When the opportunity arose to apply for a place in the experimental course of "Faiths Together" in Heythrop it was 'the icing on the cake' or 'the jewel in the crown'. Fr. Michael Barnes S.J together with Tony McCaffrey as tutor,gave birth to this course in January 2007 to June 2008. We were 24 to begin this journey together learning from one another, Muslims, Buddhists, Jews, Christians, Anglicans, Quakers and Catholics. We have been encouraged to learn about different faith traditions. We visited De Nobili House in Southall which is the home of the Southall Jesuit community and we were made very welcome in the many places of worship in this "Holy City". This is where dear Brother Daniel lived and worked to build friendship With people Of Other faiths. I feel the Spirit of the Lord has led me to this sacred space to have my heart open to the 'faith and prayer life of the other', to love and respect each person as a fellow human being on life's journey or pilgrimage. Chiara Lubich in one of her recent Word of Life commentaries invited us to have a deep love and respect for all those of other faiths and none. Dialogue is the challenge facing all of us today.

Recently I attended our Clergy Police meeting and I was delighted to see the Draft for Consultation document of the Metropolitan Police Service Equalities Scheme 2006-2010. Phase Six: Faith and Religious Belief. This fills me with hope for the future. Tottenham is where the Haringey Peace Alliance began a few years ago. This led to a Peace March attended by our Muslim friends from the Wightman Road Mosque, which takes place annually in September. This has now spread to other boroughs in Westminster and further afield. We also kept a Service of Remembrance for the Jewish Holocaust and we have a Garden of Remembrance for the Jewish Holocaust and we have a Garden of Remembrance in Bruce Castle Park for all those who have experienced ethnic cleansing throughout the world. I never miss this gathering which is held at the end of January. We have also had interfaith meetings which we need to restart again. I have wonderful Muslim friends and was delighted when a mother and daughter attended my golden jubilee celebration at St. Ignatius. The Somali families celebrated the festival of Eid with all their children and invited me to attend. I hope to be able to start a group of women to be able to meet together to build friendship. This is where I feel real local interfaith work can begin so that we can overcome fear and prejudice and begin to work together in this community of Broadwater Farm. I am hoping to be able to set up this group with the help of my dear friend Rosie Clegg who was responsible for the faith education in her school and organised visits for the children to mosques, gurdwaras and churches.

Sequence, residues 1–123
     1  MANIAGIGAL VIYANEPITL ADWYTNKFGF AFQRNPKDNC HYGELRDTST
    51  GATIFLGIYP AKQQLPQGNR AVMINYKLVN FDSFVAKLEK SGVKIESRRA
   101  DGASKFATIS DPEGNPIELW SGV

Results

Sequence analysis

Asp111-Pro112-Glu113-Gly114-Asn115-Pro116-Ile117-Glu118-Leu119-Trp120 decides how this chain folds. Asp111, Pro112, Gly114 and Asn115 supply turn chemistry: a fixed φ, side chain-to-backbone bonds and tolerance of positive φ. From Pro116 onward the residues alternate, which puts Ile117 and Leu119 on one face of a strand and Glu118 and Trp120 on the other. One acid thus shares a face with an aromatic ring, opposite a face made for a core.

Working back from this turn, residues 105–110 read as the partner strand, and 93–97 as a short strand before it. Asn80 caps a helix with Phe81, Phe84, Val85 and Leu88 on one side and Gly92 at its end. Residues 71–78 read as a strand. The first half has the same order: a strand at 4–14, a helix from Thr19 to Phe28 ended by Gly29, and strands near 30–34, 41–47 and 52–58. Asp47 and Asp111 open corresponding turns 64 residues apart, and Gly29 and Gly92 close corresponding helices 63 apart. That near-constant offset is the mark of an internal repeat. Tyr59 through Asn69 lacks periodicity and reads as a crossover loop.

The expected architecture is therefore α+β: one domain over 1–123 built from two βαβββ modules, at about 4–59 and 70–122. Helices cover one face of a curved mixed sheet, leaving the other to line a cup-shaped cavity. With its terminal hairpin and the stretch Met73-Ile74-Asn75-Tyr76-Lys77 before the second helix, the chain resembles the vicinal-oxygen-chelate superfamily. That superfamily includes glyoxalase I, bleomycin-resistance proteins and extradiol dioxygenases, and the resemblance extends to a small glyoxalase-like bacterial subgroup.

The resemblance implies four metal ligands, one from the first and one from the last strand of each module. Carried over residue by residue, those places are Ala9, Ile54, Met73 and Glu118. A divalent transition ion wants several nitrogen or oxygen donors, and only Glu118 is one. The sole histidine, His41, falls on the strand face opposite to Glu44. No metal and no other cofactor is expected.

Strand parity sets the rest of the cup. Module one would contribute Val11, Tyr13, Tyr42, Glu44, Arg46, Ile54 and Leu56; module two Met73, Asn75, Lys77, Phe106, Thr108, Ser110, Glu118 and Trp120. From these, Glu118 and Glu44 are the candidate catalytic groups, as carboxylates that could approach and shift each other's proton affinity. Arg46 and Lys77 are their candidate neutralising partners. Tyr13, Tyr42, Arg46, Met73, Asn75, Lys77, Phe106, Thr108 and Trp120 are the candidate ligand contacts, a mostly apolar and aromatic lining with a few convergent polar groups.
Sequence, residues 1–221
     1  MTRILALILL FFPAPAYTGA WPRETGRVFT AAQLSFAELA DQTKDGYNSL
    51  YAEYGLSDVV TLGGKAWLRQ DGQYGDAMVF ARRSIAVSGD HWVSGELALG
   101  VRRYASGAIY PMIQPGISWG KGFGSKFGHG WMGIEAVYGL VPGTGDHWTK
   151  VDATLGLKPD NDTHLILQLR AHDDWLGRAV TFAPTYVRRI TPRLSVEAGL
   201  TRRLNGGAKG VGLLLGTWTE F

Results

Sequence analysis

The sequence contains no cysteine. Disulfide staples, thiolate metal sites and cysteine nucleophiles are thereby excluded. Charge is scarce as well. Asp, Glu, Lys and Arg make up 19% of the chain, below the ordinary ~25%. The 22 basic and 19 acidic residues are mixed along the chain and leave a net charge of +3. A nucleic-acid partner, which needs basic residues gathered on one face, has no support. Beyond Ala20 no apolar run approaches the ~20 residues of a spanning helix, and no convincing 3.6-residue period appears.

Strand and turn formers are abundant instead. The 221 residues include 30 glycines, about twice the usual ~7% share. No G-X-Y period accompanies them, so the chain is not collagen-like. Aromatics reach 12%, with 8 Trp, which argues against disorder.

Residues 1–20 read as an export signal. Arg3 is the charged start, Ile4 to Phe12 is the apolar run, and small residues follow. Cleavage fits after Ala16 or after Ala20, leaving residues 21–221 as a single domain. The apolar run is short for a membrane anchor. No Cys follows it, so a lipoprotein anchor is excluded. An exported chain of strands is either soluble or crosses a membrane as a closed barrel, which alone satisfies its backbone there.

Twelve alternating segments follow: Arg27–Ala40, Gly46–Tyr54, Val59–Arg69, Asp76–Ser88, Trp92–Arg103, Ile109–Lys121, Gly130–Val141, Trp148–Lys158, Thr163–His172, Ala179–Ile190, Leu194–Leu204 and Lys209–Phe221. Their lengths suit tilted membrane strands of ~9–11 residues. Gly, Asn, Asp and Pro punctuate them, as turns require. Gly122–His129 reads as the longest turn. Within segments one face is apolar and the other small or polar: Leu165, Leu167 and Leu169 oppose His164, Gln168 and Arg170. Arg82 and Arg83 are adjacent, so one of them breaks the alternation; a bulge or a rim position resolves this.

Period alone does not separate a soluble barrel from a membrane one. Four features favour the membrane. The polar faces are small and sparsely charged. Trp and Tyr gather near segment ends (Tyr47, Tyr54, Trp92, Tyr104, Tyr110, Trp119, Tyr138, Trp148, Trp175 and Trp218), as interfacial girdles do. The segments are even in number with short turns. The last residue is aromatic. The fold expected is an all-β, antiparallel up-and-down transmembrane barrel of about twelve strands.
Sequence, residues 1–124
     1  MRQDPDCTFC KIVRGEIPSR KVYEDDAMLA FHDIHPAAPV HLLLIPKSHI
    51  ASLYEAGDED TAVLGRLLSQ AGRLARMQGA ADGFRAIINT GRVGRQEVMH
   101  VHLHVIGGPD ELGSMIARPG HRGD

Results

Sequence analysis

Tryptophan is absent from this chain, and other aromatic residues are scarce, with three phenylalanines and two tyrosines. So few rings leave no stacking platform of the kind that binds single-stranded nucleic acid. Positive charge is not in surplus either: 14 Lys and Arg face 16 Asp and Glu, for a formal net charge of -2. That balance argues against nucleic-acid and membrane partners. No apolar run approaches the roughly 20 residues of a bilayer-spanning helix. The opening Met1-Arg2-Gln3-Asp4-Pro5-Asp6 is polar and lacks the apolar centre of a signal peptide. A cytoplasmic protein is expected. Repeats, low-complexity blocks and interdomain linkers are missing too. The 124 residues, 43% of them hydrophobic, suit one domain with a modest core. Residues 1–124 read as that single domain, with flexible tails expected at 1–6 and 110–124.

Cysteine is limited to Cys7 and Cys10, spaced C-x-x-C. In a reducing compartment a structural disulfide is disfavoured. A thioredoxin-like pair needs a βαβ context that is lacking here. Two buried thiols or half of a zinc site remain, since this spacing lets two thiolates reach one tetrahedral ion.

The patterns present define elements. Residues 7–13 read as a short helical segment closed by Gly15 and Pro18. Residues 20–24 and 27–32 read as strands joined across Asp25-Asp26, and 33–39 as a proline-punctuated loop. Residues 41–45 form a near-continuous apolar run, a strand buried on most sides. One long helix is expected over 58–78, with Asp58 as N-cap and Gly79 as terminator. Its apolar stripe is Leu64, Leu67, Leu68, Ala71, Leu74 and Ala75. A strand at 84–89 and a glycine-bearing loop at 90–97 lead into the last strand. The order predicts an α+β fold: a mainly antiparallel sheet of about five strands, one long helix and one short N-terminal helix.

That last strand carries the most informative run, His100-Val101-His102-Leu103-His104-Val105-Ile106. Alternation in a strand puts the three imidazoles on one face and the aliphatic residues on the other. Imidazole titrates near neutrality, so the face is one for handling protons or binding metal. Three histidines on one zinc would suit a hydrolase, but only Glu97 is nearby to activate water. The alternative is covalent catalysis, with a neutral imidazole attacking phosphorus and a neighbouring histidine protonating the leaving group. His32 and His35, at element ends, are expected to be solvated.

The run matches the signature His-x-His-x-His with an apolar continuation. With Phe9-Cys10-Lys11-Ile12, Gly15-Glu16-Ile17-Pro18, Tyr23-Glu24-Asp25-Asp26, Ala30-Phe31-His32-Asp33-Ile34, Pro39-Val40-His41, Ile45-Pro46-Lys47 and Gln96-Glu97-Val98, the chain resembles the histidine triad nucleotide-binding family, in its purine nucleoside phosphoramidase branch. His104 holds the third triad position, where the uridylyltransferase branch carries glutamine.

In a world bedevilled by conflict and suspicion, our pilgrimage, drawing together people of different faiths, ethnic origins, nationalities and walks of life is a living testimony that trust, goodwill and friendship are possible and do exist. The visits show our interest and willingness to communicate at a level deeper than the superficialities of life. Our sharing of food is a sign of communion in spirit. As we go on our way let us continue to pray for peace in our times, for better understanding between peoples and a blessing on us all

Sister Eileen McGrath

Return to top         Go to Current Newletter

Valid XHTML 1.0 Strict      Valid CSS!